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How I learned to love the Irish kitchen

January 21, 2015 | By | 2 Comments

Turkey and Ireland aren’t so different when it comes to being obsessed with one thing… yep, you guessed it, tea! Kivilcim Celik, our Turkish and Waterford IT Ambassador shares how he found common ground far from home and, as a result, embraced Irish cuisine… 

Before my arrival almost three years ago, my biggest concern about Ireland was the food. Coming from Turkey I was used to a very rich and unique kitchen and a street food culture that I still love very dearly. As I mostly cook my own food, I figured I’d be fine as long as I had groceries around. I was wrong, because apparently only mothers are capable of cooking Turkish food properly, and I was lost.

That is, until I found some common ground. As this lovely Wikipedia article shows, Irish people drink a lot of tea, being the tea drinking champions of Europe. While Ireland’s 3.22 kilos per capita a year is nowhere near the Turkish 7.52 kilos a year, it’s still better than any other European country out there. (Turks really love tea. Really, really love tea.) Living here I had already figured how the Irish loved tea, almost as much as I did, and having no other links to the Irish kitchen, I held onto this common interest for as long as I could.

Of course, tea was only the key that unlocked the door that led to the marvels of Irish cookery. After adapting the Irish ways of brewing tea, I figured I’d try cooking some Irish food to go with it. Now, three years later, I find myself casually cooking, ordering or eating food I could barely pronounce before. I’m a huge fan of English-Irish roast beef, and there’s something about salt and vinegar chips that makes me go back to it over and again. (Salt and vinegar chips are greeted with responses ranging from mild shock to utter disgust in Turkey. I still feel weird and even a little guilty whenever I eat them, but can’t really stop.)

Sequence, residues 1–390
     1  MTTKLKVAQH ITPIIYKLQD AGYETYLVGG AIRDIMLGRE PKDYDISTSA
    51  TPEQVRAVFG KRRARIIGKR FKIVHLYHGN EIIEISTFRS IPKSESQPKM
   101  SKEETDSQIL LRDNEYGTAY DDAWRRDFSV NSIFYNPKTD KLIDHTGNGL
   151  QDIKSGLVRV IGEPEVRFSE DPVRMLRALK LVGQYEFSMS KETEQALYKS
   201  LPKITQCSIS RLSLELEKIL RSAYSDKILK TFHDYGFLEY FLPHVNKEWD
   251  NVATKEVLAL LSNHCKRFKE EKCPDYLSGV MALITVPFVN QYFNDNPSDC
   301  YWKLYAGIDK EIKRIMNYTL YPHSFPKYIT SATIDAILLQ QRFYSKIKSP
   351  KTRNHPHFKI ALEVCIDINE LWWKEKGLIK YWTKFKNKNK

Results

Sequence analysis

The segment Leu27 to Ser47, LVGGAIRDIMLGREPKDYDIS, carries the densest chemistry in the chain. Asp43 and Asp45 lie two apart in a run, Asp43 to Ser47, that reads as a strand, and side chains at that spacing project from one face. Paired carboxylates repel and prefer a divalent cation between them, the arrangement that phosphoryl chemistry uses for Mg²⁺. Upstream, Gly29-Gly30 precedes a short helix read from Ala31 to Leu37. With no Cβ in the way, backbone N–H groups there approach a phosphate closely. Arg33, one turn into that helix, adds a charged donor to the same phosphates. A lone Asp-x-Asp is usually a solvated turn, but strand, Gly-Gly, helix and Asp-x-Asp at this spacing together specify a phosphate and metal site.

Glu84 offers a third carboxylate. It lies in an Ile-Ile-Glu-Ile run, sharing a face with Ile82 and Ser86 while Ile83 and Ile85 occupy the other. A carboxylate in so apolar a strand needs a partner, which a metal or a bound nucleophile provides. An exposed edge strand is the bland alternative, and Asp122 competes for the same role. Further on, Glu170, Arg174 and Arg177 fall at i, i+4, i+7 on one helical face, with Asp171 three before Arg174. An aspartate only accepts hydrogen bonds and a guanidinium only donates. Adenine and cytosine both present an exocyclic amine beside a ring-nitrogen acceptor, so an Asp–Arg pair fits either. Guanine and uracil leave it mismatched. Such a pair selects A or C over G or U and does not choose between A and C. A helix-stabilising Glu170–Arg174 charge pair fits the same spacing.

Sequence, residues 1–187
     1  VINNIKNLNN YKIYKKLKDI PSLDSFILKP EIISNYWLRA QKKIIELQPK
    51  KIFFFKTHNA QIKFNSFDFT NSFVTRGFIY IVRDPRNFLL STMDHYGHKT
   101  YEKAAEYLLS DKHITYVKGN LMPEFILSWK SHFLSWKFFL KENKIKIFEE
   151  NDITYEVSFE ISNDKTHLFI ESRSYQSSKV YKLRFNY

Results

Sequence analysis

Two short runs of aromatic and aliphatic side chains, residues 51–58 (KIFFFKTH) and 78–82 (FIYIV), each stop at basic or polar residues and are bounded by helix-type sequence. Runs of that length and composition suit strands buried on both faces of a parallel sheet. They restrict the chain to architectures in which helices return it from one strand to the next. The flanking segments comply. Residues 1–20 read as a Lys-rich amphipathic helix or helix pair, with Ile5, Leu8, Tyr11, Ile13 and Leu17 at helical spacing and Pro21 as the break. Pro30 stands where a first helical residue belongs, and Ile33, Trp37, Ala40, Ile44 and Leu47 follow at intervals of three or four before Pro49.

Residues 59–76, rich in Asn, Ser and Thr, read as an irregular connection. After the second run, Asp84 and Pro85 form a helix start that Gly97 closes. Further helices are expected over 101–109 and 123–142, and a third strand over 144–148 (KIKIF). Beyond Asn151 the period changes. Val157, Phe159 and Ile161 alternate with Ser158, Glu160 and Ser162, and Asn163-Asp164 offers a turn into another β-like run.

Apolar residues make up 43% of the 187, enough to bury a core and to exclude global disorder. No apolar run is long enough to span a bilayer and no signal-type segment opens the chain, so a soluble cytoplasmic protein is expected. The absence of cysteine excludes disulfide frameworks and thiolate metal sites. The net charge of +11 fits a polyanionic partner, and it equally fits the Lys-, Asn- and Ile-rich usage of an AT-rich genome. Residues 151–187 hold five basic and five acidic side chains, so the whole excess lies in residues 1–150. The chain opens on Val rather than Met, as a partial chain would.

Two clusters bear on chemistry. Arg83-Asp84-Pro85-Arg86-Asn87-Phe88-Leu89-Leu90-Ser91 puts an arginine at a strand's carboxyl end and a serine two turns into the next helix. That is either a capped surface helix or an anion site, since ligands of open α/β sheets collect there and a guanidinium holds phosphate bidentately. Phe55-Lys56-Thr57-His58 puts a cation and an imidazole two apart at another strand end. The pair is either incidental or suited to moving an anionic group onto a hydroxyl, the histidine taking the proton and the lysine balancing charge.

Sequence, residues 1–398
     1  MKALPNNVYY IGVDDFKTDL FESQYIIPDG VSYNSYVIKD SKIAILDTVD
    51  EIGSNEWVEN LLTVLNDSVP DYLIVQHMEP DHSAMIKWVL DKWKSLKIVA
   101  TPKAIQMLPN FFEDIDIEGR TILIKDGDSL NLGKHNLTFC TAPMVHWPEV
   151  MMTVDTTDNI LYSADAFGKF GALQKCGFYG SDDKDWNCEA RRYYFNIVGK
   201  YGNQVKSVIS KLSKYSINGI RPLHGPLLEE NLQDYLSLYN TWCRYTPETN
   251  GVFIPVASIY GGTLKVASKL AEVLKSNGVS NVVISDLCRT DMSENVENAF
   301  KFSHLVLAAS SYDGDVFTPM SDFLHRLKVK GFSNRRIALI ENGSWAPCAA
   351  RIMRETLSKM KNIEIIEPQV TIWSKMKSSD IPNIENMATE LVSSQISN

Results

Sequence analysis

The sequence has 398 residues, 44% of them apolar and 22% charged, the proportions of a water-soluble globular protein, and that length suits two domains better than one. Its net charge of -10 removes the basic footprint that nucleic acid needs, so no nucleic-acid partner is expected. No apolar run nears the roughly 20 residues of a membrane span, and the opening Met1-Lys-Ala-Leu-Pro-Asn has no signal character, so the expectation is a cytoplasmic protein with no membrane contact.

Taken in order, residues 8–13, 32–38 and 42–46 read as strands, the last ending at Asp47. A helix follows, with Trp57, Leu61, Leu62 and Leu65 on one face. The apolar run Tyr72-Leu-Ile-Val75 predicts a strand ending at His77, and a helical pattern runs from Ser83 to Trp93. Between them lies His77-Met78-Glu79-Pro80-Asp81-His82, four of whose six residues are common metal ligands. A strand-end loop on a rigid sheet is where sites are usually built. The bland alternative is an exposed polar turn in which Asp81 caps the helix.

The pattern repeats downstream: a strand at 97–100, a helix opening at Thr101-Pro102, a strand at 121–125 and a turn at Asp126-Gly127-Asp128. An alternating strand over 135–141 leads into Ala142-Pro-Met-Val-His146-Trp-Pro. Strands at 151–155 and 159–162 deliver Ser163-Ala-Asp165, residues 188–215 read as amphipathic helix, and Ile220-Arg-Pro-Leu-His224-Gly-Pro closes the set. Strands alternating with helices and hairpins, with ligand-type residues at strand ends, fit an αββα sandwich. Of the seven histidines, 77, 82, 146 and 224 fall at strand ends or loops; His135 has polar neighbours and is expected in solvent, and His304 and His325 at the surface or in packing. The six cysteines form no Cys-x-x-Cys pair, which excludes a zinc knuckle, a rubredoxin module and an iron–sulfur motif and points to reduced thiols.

Not only that, but I managed to set up a small Turkish kitchen here in Ireland, brewing tea the way god intended, and spreading my fatty, spicy joy to the island. (More like 10-15 friends a year but hey, if they keep doing what I thought them, who knows.) Turkish-Irish fusion kitchen works a lot better than I thought it would, and our mutual love of strong spirits only help blend it even more.

The point to all this isn’t boasting about how good my cooking is (it is) or how I somehow didn’t starve up until now (I didn’t). What I’m trying to illustrate here is that even two distinctively different culinary cultures like the isolated “less-is-more” way of Irish cooking and the rich, crowded food we have in Turkey can find common ground, and even better, merge to create something that at times surpasses the beauties of both. It may not always be easy to see where the overlap is, but once you’ve found it, you know what you now have is something unique. You never really think about the little things when making big decisions, but in the end, that’s what gets you, and knowing you can make something better helps a lot along the way.

Me, I came to that realisation after a few weeks, and every meal I’ve cooked; every drink I’ve brewed; every meal I’ve had has been different since then. I have tea to thank for that.

P.S. If you ever find yourselves in Waterford and feel like trying some Turkish tea (or Turkish coffee, which warrants its own article) look me up.

Here’s to tea.

Do you want to study in Ireland? Check out the Education in Ireland website for all the info you need.


  1. Bev

    Old blog but just found it. Loved it and I love turkish tea. Currently trying to learn turkish :). Great read.

    • Kivilcim

      Hi Bev, I’m glad you liked it, it’s always great to get feedback on this stuff after years. Let me know if you need any help with Turkish.

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